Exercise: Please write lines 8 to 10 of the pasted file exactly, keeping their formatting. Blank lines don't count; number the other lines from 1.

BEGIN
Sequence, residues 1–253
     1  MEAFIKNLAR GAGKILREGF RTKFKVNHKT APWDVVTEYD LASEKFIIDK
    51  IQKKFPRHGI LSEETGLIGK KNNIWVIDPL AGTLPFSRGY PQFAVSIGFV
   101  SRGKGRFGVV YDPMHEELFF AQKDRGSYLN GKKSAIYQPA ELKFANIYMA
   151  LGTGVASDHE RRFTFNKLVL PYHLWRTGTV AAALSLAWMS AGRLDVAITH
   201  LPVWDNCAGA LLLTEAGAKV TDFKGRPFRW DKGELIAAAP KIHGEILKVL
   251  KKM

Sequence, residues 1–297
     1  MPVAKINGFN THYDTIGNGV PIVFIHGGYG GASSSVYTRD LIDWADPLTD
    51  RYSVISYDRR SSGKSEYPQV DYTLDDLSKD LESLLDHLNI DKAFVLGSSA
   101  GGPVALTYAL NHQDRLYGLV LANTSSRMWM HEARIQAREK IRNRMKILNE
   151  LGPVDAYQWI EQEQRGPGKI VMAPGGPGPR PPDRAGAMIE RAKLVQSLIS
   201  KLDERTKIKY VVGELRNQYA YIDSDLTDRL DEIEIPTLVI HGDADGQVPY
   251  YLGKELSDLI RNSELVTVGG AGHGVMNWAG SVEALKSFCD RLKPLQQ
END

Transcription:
Sequence, residues 1–297
     1  MPVAKINGFN THYDTIGNGV PIVFIHGGYG GASSSVYTRD LIDWADPLTD
    51  RYSVISYDRR SSGKSEYPQV DYTLDDLSKD LESLLDHLNI DKAFVLGSSA